NEW YORK, JUNE 17 -- ITT Corp. today became the third major U.S. company this week to announce plans to withdraw from South Africa amid signs that political conflict in the white-ruled nation has made it impossible to do business there.
ITT said it had sold its only wholly owned South African subsidiary, an automobile brake maker, to Glasfin Investments Ltd., a South African company, for about $3 million.
ITT said the facility, Alfred Teves Engineering (S.A.) Ltd., has about 300 employes, of whom "the great majority" are black.
On Sunday, Ford Motor Co. said it would donate the bulk of its 42 percent interest in South African Motor Corp. to the company's employes, most of whom are black.
On Tuesday, Citicorp, the last U.S. bank operating in South Africa, announced the sale of its unit there to First National Bank of Southern Africa Ltd. for about $39 million.
ITT, which has interests in telecommunications and electronics, consumer products, natural resource extraction and insurance and finance, also said it was proceeding with divestiture of minority interests in two other businesses.
They are a 16 percent stake in Maister Directories Ltd., a yellow-pages advertising business, and a very small, "passive" investment in South Atlantic Cable Co., which makes telephone cable.
ITT said its South African interests accounted for only 0.1 percent of its revenue last year.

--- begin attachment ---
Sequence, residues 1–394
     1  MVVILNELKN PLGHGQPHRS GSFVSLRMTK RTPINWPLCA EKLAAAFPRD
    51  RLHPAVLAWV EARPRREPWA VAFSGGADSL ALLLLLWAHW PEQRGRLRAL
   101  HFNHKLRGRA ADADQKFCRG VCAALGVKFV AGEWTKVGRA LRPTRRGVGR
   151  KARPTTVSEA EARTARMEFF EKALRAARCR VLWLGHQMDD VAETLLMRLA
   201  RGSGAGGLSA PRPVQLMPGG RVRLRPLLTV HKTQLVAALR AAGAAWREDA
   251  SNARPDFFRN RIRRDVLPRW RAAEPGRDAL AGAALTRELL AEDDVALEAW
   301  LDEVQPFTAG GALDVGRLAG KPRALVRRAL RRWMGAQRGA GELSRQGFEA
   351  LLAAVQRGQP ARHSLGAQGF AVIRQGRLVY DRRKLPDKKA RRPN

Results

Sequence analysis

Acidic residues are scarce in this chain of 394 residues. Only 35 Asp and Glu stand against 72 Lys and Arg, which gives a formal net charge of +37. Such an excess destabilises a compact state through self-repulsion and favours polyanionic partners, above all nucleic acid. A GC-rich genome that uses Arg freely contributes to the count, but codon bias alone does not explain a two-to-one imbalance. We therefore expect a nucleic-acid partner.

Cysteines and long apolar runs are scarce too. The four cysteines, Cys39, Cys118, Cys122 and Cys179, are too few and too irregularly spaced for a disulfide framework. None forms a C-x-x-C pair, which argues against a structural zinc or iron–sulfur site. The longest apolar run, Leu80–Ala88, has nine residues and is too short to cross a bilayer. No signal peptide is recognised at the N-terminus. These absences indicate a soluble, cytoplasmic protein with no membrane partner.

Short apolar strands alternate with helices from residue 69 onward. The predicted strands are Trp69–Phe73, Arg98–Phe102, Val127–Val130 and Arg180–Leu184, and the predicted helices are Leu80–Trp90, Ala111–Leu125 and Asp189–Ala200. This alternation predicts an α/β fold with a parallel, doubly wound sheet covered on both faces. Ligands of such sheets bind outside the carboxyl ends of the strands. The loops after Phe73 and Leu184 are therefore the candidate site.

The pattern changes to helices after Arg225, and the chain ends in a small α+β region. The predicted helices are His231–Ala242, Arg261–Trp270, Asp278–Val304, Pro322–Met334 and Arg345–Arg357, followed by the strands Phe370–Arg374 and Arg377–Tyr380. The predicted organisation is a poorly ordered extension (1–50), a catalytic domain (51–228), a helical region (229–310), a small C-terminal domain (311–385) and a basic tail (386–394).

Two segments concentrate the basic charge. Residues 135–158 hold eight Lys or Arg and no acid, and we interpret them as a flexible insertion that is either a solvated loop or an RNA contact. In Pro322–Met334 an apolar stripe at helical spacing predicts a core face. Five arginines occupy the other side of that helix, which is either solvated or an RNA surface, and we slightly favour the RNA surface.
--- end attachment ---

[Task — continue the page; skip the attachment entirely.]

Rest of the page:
An ITT spokesman said the company sold another South African subsidiary, Supersonic Radio and Television S.A., to local interests in 1985.
In a statement today, ITT Chairman Rand Araskog said: "We have always believed that the presence of U.S. corporations, and ITT in particular, has provided a positive force for social change in an extremely troubled environment. But, despite the efforts by ITT and other U.S. corporations in supporting the Sullivan Principles, the environment in South Africa is no longer conducive to continuing our business operations."
The Sullivan Principles are a set of guidelines for U.S. companies operating in South Africa. The Rev. Leon Sullivan, pastor of the Zion Baptist Church in Philadelphia who developed the principles, recently abandoned the guidelines, saying all American businesses should withdraw from South Africa and a total U.S. economic embargo should be imposed.